Canada’s national statistics agency released its monthly Labour Force Survey on Thursday, using March 15 to 21 as the sample week – a time when the government began enforcing strict guidelines around social gatherings and called on non-essential businesses to close up shop.

The first snapshot of job loss since COVID-19 began taking a toll on the Canadian economy shows 1.1 million out of work since the prior sample period and a consequent decrease in the employment rate – the lowest since April 1997. The most job losses occurred in the private sector and among people aged 15-24.

The number of people who were unemployed increased by 413,000, resulting in the largest one-month increase in Canada’s unemployment rate on record and takes the economy back to a state last seen in October, 2010.

“Almost all of the increase in unemployment was due to temporary layoffs, meaning that workers expected to return to their job within six months,” reads the findings.

The agency included three new indicators, on top of the usual criteria, to better reflect the impact of COVID-19 on employment across the country.

The survey, for example, excludes the more commonly observed reasons for absent workers — such as vacation, weather, parental leave or a strike or lockout — to better isolate the pandemic’s effect.

They looked at: people who are employed but were out of a job during the reference week, people who are employed but worked less than half their usual hours, and people who are unemployed but would like a job.

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Employee at Ottawa’s Amazon Fulfillment Centre tests positive for COVID-19

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OTTAWA — An employee who works at Amazon’s fulfillment centre on Boundary Road in Ottawa’s east-end has tested positive for COVID-19.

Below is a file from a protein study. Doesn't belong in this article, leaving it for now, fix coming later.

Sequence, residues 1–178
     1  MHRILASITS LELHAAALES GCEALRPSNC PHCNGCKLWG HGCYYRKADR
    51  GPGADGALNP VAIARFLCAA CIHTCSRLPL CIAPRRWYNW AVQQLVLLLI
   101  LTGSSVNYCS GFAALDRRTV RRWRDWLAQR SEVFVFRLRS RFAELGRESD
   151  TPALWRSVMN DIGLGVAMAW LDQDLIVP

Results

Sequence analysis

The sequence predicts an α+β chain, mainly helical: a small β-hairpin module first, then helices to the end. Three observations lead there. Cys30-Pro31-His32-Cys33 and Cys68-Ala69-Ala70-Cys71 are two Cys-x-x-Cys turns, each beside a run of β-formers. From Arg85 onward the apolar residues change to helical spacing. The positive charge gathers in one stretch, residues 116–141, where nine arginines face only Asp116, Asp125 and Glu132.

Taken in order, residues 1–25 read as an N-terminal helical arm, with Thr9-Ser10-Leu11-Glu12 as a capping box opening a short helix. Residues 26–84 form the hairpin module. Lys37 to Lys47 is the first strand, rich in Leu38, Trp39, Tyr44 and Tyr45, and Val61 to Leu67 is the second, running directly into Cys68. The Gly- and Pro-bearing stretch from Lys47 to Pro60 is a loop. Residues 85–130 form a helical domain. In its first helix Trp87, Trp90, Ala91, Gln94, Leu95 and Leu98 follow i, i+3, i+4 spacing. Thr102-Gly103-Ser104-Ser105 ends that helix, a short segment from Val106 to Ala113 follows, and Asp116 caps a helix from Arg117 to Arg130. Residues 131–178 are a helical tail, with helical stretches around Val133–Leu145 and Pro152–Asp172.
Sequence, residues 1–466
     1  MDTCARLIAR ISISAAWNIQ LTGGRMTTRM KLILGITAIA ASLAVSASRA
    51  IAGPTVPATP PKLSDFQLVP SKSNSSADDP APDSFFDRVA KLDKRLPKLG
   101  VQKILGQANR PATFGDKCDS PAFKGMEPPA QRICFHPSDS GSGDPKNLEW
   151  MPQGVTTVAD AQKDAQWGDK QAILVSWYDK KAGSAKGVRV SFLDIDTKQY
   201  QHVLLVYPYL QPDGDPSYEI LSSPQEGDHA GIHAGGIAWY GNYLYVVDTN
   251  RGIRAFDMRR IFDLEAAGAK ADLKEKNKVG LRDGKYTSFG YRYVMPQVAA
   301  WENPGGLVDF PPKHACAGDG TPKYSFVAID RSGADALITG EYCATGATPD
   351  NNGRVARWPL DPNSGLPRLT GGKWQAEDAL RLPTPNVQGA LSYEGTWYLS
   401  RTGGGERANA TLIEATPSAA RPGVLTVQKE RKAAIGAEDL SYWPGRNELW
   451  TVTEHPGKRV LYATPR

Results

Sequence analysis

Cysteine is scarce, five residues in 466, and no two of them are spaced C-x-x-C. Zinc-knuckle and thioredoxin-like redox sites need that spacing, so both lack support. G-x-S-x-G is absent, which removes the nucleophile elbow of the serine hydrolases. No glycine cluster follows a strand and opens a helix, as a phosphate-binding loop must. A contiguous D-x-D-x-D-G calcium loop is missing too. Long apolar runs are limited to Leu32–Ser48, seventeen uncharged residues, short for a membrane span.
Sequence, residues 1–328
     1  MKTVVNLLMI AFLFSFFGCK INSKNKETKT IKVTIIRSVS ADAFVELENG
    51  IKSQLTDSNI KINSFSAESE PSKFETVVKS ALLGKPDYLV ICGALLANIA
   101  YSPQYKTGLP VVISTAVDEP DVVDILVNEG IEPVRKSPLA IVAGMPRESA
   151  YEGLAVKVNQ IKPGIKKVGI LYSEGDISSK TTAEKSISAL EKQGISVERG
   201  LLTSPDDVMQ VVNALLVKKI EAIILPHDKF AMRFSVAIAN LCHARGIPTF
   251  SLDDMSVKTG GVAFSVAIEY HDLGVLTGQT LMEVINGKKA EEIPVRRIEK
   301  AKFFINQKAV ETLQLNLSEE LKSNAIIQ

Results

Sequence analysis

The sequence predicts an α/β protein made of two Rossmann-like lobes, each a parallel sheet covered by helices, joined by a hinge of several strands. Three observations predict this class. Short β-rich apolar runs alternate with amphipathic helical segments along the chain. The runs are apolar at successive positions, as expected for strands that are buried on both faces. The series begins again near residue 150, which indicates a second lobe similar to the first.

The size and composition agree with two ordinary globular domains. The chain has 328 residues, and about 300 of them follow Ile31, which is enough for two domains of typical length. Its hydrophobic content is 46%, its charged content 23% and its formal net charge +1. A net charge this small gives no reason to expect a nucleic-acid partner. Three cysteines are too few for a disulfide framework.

Amazon says it learned on April 3 that an associate tested positive for novel coronavirus and is currently in isolation. The employee last worked at the fulfillment centre on March 19.

Two employees told CTV News Ottawa that management informed all employees about the positive test in a text message over the weekend.

In a statement to CTV News Ottawa, Amazon spokesperson Jen Crowcroft wrote “we are supporting the individual who is recovering. We are following guidelines from health officials and medical experts, and are taking extreme measures to ensure the safety of employees at our site.”

The statement also says that Amazon has taken steps to further protect their employees.

“We have also implemented proactive measures at our facilities to protect employees including increased cleaning at all facilities, maintaining social distance in the FC.”

CTV News Ottawa asked Amazon about the timeline between when the company found out about the positive COVID-19 case and when employees were notified.

In a separate email to CTV News Ottawa, Crowcroft said “all associates of our Boundary Road fulfillment centre in Ottawa were notified within 24 hours of learning of the positive COVID-19 case.”

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Ottawa facing silent spring as festivals, events cancelled

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This is shaping up to be Ottawa’s silent spring — and summer’s sounding pretty bleak, too — as more and more concerts, festivals and other annual events are cancelled in the wake of measures meant to slow the spread of coronavirus.

The province has already banned gatherings of more than five people, and on Monday officials announced city parks, facilities and services will remain shut down until the end of June, nor will any event permits be issued until at least that time.

“This leaves us with no choice but to cancel the festival this year,” Ottawa Jazz Festival artistic director Petr Cancura confirmed Monday.

This was to be the festival’s 40th anniversary, and organizers announced the lineup for the June 19-July 1 event the day after Ottawa’s first confirmed case of COVID-19. 

The Toronto and Montreal jazz festivals had already pulled the plug because of similar restrictions in their cities, so Cancura said the writing was on the wall.

“We have a few contingency plans to keep connecting with our audience and working with our artists,” Cancura said.

People holding tickets to the 2020 festival can ask for a refund or exchange for a 2021 pass.